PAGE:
Sunday, July 17, 2011

Day Seventeen: Melbourne

This was such a busy day and night there just wasn't a minute to write anything, and ever since I've been writing stuff that's more current. So now I'm going to try to remember the fine points.

We started the day with a short walk over to La Trobe St. Mall for breakfast at a chocolate cafe I'd spotted the night before. I mean, it said breakfast, and what could be wrong with a chocolate cafe? Weirdly, Melbourne is full of them—the city is kind of known for its artisan chocolate. Breakfast (non-chocolate) was scrumptious and I had a particularly good flat white in an ergonomically designed cup.

From there, we walked back to Federation Square to meet up with Ben at ACMI (Australian Center for the Moving Image.) David and I had been there before and found it really cool. We hadn't remembered that the exhibitions are free, which was even cooler. We saw some interesting video installations by a famous skateboarder dude, where Jarrah was particularly fascinated by a wall of video combined with dry ice. “Hey!” she summoned a little girl near her, “Wanna air bend with me?” “No, thank you,” said the girl. Hey, her loss. We also saw some sort of video in culture time line with lots of fun stuff, including one of Cate Blanchett's Oscars and some costumes from Moulin Rouge. It was also just really fun to catch up with Ben, whom I haven't seen in eight years. He's a sweet guy, which is no surprise—look who his brother is.

Ben dashed off to pick up the other Newmans at the airport (they'd decided to join us for the Melbourne leg of the trip) and we proceeded down Federation Wharf to the big white tent, current home of Circus Oz. Now, this was a very spontaneous addition to our plans—David heard the waitress mention it the night before, and he remembered loving it as a child. I was skeptical, since I'm not a Cirque de Soleil fan (kind of cold and slick) but neither is he, so I went along.

Well, I'm glad I did, because I was mesmerized and enchanted, as was Jarrah. There was nothing cold about it—the performers are very earthy and bawdy and told jokes throughout, and while there were amazing acrobatics and stunts, there was also good old-fashioned magic and juggling, and the whole thing was set to a huge live band (all the performers play an instrument) and occasionally narrated-sung by “Boss Lady,” the ring leader. And they served hot, homemade donuts. What's not to like? If you ever get a chance to see Circus Oz, I guarantee you'll have a blast.

After, we followed the exiting crowd along the Yarra, and Jarrah wanted to ride on the giant Ferris Wheel, After the 50 dollar pricetag in Sydney, I automatically said no, but this one was much cheaper, and we did have a splendid view of the city from up there. By now it was after 4:00 and we were starving, but Jarrah wanted to stop at the playground (once again pursuing those standoffish Melburninian children) and right after that we ran into Joan and John, because apparently there is no coincidence too unlikely for this trip, or else Australia only has a few people and the rest is done with mirrors.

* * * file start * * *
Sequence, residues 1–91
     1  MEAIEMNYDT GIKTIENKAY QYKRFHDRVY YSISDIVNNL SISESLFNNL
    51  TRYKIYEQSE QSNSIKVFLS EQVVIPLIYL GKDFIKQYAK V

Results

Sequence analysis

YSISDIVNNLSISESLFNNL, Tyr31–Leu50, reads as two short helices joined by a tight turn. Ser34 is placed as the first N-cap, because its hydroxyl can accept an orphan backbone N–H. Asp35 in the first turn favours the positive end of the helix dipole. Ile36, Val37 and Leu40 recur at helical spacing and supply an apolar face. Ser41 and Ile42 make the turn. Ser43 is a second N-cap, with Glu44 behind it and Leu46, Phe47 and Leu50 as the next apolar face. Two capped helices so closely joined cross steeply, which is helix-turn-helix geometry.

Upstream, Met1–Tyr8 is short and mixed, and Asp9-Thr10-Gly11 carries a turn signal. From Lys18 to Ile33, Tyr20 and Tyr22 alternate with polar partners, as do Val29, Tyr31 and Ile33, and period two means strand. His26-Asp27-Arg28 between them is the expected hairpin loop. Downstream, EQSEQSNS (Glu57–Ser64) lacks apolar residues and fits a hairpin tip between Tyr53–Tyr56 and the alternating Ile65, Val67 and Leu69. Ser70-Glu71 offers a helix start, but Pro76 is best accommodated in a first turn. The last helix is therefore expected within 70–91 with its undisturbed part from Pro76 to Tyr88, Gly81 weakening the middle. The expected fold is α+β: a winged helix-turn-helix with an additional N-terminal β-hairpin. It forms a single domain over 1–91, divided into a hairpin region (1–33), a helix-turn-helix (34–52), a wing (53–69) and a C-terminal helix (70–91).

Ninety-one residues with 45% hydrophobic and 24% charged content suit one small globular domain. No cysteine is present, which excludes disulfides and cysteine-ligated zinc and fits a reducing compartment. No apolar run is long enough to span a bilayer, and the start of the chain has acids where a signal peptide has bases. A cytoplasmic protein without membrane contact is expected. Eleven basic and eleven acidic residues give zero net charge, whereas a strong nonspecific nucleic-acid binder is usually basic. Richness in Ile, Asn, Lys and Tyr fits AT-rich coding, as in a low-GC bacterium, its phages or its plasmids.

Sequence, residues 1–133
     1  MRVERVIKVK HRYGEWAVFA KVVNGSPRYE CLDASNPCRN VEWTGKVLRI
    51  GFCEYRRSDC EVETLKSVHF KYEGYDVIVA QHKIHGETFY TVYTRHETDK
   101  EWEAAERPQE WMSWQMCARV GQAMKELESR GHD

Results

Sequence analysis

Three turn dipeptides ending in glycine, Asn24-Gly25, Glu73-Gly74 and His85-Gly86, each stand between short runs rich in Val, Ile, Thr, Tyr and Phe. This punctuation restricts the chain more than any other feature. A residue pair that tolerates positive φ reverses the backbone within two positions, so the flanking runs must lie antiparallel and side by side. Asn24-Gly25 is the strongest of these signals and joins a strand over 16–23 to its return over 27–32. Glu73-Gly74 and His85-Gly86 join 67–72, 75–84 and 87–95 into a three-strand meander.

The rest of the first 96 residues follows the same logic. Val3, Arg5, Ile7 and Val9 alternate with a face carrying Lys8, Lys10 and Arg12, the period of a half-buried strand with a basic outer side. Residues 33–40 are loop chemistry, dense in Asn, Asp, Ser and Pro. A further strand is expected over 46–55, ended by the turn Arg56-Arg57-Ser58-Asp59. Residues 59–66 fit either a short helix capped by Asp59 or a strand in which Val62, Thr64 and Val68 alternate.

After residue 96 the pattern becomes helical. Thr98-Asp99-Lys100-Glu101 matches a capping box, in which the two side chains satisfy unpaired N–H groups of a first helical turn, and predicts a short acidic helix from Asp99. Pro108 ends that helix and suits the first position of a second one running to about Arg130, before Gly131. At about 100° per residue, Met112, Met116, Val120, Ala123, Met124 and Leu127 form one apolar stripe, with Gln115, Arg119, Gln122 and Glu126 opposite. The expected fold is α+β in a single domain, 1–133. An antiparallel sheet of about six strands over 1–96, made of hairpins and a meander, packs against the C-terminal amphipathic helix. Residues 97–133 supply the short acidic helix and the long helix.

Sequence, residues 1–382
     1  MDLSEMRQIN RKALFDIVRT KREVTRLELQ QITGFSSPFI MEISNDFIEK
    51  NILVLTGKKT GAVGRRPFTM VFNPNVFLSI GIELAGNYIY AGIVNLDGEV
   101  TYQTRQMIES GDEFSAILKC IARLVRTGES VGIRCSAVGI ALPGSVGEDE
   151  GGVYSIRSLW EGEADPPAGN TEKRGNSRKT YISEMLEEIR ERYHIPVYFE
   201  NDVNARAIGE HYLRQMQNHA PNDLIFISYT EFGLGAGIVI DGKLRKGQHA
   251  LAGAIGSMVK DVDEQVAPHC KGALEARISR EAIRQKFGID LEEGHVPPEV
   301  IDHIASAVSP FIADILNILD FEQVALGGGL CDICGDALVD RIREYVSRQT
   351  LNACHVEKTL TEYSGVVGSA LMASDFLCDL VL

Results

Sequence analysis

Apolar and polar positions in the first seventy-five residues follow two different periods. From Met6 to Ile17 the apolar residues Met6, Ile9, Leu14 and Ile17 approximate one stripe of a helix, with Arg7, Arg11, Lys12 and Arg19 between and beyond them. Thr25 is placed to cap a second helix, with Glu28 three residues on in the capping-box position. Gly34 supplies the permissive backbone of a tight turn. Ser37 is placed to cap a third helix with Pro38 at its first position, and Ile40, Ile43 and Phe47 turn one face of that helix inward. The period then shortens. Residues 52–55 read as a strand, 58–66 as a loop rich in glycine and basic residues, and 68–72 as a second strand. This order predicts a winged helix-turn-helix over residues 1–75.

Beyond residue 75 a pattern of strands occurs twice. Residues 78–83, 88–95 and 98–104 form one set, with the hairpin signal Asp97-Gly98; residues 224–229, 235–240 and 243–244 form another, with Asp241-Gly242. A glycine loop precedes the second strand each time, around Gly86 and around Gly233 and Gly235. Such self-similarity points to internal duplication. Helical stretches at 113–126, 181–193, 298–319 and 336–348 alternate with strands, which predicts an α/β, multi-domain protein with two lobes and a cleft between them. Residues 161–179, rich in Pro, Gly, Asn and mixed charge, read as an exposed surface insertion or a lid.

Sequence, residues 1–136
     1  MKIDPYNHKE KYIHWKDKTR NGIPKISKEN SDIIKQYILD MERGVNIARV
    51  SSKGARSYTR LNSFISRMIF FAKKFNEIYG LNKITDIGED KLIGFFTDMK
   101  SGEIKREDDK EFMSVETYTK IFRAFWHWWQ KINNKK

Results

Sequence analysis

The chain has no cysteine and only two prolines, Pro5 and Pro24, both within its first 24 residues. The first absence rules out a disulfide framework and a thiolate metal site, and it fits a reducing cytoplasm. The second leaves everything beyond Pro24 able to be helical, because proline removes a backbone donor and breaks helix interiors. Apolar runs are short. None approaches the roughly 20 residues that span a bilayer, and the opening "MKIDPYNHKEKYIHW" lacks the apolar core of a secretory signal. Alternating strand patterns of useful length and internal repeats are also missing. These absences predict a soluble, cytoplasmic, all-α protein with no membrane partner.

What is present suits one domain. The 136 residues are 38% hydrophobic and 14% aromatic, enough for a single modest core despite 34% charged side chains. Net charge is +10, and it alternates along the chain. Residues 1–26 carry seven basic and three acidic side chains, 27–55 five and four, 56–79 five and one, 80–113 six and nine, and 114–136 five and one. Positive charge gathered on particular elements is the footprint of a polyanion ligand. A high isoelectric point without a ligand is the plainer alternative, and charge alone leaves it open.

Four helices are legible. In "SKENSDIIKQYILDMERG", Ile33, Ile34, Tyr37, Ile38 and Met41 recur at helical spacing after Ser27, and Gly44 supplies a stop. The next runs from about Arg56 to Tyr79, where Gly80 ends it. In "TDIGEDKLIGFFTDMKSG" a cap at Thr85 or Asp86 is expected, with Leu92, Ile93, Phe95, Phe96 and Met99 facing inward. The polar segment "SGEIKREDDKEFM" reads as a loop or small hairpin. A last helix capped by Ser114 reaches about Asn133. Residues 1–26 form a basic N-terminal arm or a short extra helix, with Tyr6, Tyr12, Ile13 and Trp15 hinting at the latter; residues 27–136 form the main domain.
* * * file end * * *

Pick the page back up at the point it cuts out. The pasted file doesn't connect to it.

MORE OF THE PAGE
Jarrah took off with them, and David and I wandered slowly along Swanston looking for our tea. (Not that either of us drink tea—it's just an expression.) We sat in one cafe holding menus for around 20 minutes until I'd had enough, and we ended up getting a snack at Pie Face and eating at an outside table as the sun went down. It seemed a bit silly to be eating at 5:30 when we had a dinner res for 7:00, but as it happened, it was actually prescient.

After a brief stop at the hotel to change, we walked out again to Hardware Lane, where Ben had booked a restaurant called The Mill for all of us. I just loved Hardware Lane, which was a narrow cobblestone alley, softly lit, no cars allowed, and lined with restaurants on both sides, so that little tables and umbrellas were crammed in next to each other. I was so pleased our booked table was outside, though we did have our backs leaning on the backs of people at the next table, since we were all on picnic benches. The heat lamps were warm, and there was something delightful about hundreds of people stuffed into a little alley together for dinner. The wine was flowing and everyone was feeling good.

Until we had to wait two hours to eat, and then most of the food was wrong or odd. For instance, I ordered “vegetable pie” (here, that means it's baked in puff pastry crust with “cauliflower, corn and cheese,” and I'd eaten half of it in the dark before noticing it was actually stuffed with ratatouille and tomato sauce.) Still, it was a great time—it was the first reunion of all the Newmans (Ben's girlfriend Stephanie, whom I adored, and I were the only non-Newmans) in many years, and everyone was in gleeful spirits. If only it hadn't been close to eleven when we finished, and poor Jarrah was ready to tip over.

Still, we walked (around and around for a while) until we found the San Churro Chocolate cafe (hey, we started and ended the day at a chocolate cafe!) and we all pigged on homemade churros with chocolate dipping sauces and mugs of pure drinking chocolate. Yummmmmm. I don't know if it was the wine or the chocolate or the long walks in the cold, but soon I was ready to nod off, too. Still, we didn't get back to the hotel midnight. A great day, and one that made me fall in love with Melbourne after wondering what all the fuss was the last time.

1 comment:

Jen said...

"or else Australia only has a few people and the rest is done with mirrors"--LOL! Sam, you are so hilarious.

I love the chocolate motif in this post!